Executive Actions to Reduce Costs

Last year, the Department of Housing and Urban Development (HUD) reduced the mortgage insurance premium for Federal Housing Administration (FHA) mortgages, saving "an estimated 850,000 homebuyers and homeowners an estimated $800 per year," according to the White House statement. Biden wants to take additional steps to lower home-buying and owning costs. 


  • Reducing Closing Costs: The Consumer Financial Protection Bureau will pursue rulemaking and guidance to address what the Biden Administration perceives as anticompetitive closing costs imposed by lenders on home buyers and homeowners. "These charges – which benefit the lender but not the borrower – can add thousands to the upfront costs of a mortgage," the White House said. "Those upfront costs cut into the amount of homebuyers' down payments and reduce homeowners' available equity."


  • Lowering Refinancing Closing Costs: The Federal Housing Finance Agency has piloted a policy to waive the requirement for lender's title insurance on certain refinances. The Biden Administration said waiving the requirement would save thousands of homeowners up to $1,500 and an average of $750. The lower upfront fees potentially will unlock savings for homeowners when mortgage rates fall, and more homeowners can refinance. According to an Urban Institute analysis, which the White House cited, across the market, title insurance typically pays out only 3 percent to 5 percent of premiums in claims to consumers, compared to more than 70 percent in other types of insurance. Homeowners can still purchase an owner's title insurance policy if they choose.


The White House statement said the Department of Treasury's Federal Insurance Office will convene a roundtable of industry stakeholders, including consumer advocates and academics, to discuss the title insurance industry and analyze potential reforms.

couple couch dogsMortgage Bankers Association (MBA) President and CEO Bob Broeksmit released the following statement on a Consumer Financial Protection Bureau's (CFPB) blog post on housing costs:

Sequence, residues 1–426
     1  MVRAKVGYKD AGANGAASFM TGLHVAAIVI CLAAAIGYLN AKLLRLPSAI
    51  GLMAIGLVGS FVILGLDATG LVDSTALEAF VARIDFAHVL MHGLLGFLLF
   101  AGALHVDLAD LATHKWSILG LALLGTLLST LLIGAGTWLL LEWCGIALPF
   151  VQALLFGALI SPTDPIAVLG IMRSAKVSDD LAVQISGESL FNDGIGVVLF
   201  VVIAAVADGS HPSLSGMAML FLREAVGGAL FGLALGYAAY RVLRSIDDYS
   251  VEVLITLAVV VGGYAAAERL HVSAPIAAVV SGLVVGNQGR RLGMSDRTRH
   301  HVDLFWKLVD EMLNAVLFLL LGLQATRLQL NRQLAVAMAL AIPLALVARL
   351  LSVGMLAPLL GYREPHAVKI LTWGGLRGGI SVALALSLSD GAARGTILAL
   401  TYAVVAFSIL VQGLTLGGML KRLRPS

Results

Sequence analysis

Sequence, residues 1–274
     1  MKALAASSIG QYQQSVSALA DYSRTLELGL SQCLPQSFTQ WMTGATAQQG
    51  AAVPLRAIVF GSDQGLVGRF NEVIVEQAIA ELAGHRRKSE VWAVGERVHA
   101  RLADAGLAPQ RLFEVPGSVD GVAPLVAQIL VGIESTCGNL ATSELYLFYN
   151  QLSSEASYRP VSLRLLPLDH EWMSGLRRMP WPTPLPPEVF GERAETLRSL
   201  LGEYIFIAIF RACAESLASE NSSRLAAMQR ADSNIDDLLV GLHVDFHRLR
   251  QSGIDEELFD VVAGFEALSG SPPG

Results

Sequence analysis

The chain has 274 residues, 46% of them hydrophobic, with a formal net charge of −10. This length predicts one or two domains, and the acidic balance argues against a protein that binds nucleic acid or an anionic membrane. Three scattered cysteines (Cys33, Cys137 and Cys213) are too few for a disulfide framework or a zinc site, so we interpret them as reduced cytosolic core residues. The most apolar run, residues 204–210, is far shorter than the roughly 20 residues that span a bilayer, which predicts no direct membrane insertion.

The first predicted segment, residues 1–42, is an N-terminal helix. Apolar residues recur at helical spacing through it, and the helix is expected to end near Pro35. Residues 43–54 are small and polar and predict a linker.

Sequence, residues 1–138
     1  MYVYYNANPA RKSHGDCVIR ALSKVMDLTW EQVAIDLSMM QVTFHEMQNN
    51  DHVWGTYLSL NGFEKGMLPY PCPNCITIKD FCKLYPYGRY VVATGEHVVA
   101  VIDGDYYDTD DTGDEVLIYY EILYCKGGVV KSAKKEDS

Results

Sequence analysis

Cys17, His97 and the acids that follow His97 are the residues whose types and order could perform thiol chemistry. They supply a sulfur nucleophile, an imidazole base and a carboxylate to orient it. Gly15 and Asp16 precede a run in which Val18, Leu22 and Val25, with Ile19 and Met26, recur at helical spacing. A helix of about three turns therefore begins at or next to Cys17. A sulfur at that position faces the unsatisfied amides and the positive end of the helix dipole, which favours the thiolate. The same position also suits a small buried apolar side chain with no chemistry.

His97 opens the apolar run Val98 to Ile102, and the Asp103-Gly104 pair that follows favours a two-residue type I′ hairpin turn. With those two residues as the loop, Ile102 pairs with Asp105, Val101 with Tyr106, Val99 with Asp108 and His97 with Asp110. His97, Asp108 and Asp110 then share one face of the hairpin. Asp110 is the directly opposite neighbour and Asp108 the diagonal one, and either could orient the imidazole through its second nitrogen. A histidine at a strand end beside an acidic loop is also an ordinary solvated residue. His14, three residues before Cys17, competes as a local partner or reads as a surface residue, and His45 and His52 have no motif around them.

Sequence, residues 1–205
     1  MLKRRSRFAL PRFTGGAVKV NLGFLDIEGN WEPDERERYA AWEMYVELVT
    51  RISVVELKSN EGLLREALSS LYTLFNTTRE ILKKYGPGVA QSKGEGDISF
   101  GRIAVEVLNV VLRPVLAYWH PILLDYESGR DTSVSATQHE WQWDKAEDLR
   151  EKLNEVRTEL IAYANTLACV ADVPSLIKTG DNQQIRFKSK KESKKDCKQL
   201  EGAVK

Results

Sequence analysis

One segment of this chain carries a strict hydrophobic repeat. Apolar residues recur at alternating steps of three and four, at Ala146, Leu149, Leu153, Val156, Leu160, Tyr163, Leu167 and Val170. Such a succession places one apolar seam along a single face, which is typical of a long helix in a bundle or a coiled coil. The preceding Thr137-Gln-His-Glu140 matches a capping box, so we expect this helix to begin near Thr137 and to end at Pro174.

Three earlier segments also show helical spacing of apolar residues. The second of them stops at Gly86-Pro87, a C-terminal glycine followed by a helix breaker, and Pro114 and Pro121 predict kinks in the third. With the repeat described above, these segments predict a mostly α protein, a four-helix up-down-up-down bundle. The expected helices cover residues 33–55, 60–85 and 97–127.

"The CFPB's blog post is baffling and reveals little understanding of how the mortgage market works or awareness of its own regulations that provide for full fee transparency and limits on what can be charged," Broeksmit wrote.

"The fees mentioned are clearly disclosed to borrowers well before a home purchase on forms developed and prescribed by the Dodd-Frank Act and the CFPB itself," the MBA's Broeksmit added. "The illogical use of the term 'junk fee' contradicts even the White House's own definition, which cites the lack of disclosure of the fee being charged."


Building and Preserving Affordable Homes

President Biden urged Congress to support the construction and renovation of more than two million homes to address the shortage of affordable housing. His plan included expanding the Low-Income Housing Tax Credit and introducing a new Neighborhood Homes Tax Credit. Additionally, Biden proposed a $20 billion grant fund to encourage the construction of affordable housing units.

President Biden also called for action to "combat egregious rent increases and other unfair practices driving up rents," eliminate "rental junk fees," and expand housing vouchers.

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Topics: Real Estate Market, Home-buying Tips, Real Estate Misc.